ASH 2018 Day 3 – Therapy, excluding Transplantation: Antibodies and Targeted Therapies

Monday, December 3, 2018 Sessions

Day 3 of the ASH meeting starts off with talks about antibodies and targeted therapies. We begin with additional data on isatuximab—the monoclonal antibody that targets the same myeloma cell surface protein as Darzalex, CD38.  Today, European investigators led by Dr. Enrique Ocio of Spain report on the use of isatuximab as part of a 4-drug combination regimen with Velcade + Revlimid + dexamethasone (IsaVRD) in newly diagnosed patients who are ineligible for a stem cell transplant (ABSTRACT 595  

Twenty-seven patients were enrolled on the study and received induction (initial) treatment with IsaVRD  and 100% of patients treated achieve a response—with 92% achieving a very good partial response or better. About 44% achieved minimal residual disease negativity (ie, no myeloma cells detected in the bone marrow). The most common severe side effect was low blood counts. As noted previously, isatuximab is a drug to watch as it may be one of the next treatments to receive FDA approval to treat myeloma.

Investigators from the Netherlands studied the use of Ninlaro + Darzalex + dexamethasone (IDD) in patients with newly diagnosed, transplant-ineligible patients—those who are older, unfit or frail—a patient group that requires treatment that can be tolerated (ABSTRACT 596 As noted from a different abstract presented on Sunday (ABSTRACT 305 fitness refers to a frailty score that combines age, functional status, and comorbidities—factors that contribute to older patients’ outcomes to treatment. Dr. Sonja Zweegman reported on 20 patients treated (10 unfit and 10 frail) with IRD and she found that 100% of unfit patients responded and 80% of frail patients achieved a partial response or better. She concluded that the IDD combination is feasible in unfit and frail patients and associated with a 6.7% mortality rate.

Dr. Hearn Jay Cho of the Tisch Cancer Institute in New York City led another Multiple Myeloma Research Consortium (MMRC) trial that investigated the use of a new immunotherapy treatment call a checkpoint inhibitor (ABSTRACT 597 Checkpoint inhibitors are in the class of drugs call monoclonal antibodies and their main target is a cell surface protein on immune cells (called PD-L1)—a protein that puts a brake on an anti-myeloma immune response. By targeting this cell surface protein, we thereby take the brake off and an immune response against myeloma can occur. In his phase 1 trial, Dr. Cho and colleagues treated relapsed myeloma patients with different combinations of a checkpoint inhibitor called atezolizumab (already approved in other cancers):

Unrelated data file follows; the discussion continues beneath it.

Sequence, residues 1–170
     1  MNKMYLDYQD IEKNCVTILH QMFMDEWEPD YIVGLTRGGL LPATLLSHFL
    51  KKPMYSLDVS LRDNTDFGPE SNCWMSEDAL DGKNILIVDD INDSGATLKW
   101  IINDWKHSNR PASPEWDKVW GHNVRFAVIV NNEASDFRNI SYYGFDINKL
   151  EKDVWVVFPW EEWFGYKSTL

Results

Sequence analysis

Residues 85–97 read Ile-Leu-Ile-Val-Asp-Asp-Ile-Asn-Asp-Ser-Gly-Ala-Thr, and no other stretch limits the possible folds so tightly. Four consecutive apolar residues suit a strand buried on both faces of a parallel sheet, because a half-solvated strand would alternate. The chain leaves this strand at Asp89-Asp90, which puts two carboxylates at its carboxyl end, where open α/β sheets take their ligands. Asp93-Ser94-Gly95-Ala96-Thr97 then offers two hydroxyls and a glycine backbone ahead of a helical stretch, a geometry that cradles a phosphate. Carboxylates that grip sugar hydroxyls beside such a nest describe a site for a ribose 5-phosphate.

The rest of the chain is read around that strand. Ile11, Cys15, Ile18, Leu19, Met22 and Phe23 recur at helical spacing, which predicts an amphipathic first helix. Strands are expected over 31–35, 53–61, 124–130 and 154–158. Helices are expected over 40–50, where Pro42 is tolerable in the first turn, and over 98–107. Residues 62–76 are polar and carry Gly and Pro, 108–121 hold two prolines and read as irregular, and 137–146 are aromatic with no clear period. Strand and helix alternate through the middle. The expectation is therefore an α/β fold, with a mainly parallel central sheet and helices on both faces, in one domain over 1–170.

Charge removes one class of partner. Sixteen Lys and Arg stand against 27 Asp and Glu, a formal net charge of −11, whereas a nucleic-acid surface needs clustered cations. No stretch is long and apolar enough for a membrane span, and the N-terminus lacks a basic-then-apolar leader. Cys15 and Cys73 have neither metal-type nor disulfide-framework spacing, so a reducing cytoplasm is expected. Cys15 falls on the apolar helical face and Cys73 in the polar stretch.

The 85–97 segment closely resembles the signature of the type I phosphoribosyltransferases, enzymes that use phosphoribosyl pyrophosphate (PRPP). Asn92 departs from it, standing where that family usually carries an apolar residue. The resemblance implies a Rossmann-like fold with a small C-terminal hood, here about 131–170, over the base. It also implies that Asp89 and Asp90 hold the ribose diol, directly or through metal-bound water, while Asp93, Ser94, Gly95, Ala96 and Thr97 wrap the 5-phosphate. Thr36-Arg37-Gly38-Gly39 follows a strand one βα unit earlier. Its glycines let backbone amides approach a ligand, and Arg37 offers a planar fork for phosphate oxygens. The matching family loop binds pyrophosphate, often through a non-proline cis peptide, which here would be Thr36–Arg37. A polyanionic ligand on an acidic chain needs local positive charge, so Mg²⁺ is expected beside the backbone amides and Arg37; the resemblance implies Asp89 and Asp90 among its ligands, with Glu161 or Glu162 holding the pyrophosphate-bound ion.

• Group 1 received atezolizumab + Darzalex
  • Group 2 received atezolizumab + Darzalex + Revlimid, and
  • Group 3 received atezolizumab + Darzalex + Pomalyst

The results showed that the combinations were well tolerated and no new side effects identified than would be expected from the drugs and deep and durable responses occurred.

The last 3 talks from this session discussed two potential new therapies: selinexor and melflufen. Selinexor is a new class of drug called the selective inhibitor of nuclear export (SINE) and works by blocking the export of proteins from the nucleus of the myeloma cell. Proteins then build up in the myeloma cell nucleus and thereby kill the cell. This new class is being studied in patients who have been on all different classes of therapy and have since relapsed: the proteasome inhibitors, the immunomodulatory drugs, and the monoclonal antibodies. Patients who have been on all of these previous therapies and have either relapsed or become resistant represent an unmet need in myeloma.

Two presentations addressed the safety and efficacy of this potential new class of drug. The first presentation by Dr. Ajai Chari of Mount Sinai School of Medicine, administered selinexor + dexamethasone to 122 patients who were refractory to five previous treatments (called penta-refractory patients)—even patients who had prior CAR T-cell therapy (ABSTRACT 598 Approximately 26% of patients achieved a partial response or better with treatment. The second presentation by Dr. Cristina Gasparetto combined selinexor + Darzalex + dexamethasone in 25 relapsed patients who had previously received proteasome inhibitors (like Velcade or Kyprolis) and immunomodulatory drugs (like Revlimid and Pomalyst) (ABSTRACT 599 In patients that had not received any Darzalex as their previous treatments, 79% achieved a partial response or better.

Selinexor represents a potential new agent for myeloma patients who have exhausted many of the approved therapies, and the MMRF is proud to have partnered with Karyopharm to support the the early and late-stage clinical trials for the drug.

Another new agent called melflufen is in a class call the peptidase enhanced compounds. Melflufen can selectively target and kill myeloma cells through a unique mechanism of action. Dr. Paul Richardson from the Dana-Farber Cancer Institute reported on the use of melflufen + dexamethasone in 83 patients with relapsed myeloma (ABSTRACT 600 Thirty-three percent of patients achieved a response to therapy. Low blood counts was the most common side effect.  Early results are promising and we look forward to seeing additional data.

At Tuesday’s late-breaking abstract session, Dr. Thierry  Facon of Hopital Claude Huriez in France presented the data from the Ph 3 MAIA study, which compares outcomes for 737 transplant ineligible newly diagnosed myeloma patients treated with Dara-Revlimid-dex vs Revlimid-dex. Patients who were treated with Dara-Rd saw a 44% decrease in risk of progression or death compared to those treated with Rd. In addition, MRD negativity was achieved in 24% Dara-Rd patients vs only 7% of Rd patients. These exciting results suggest that Dara-Rd may become the new standard of care for this patient population.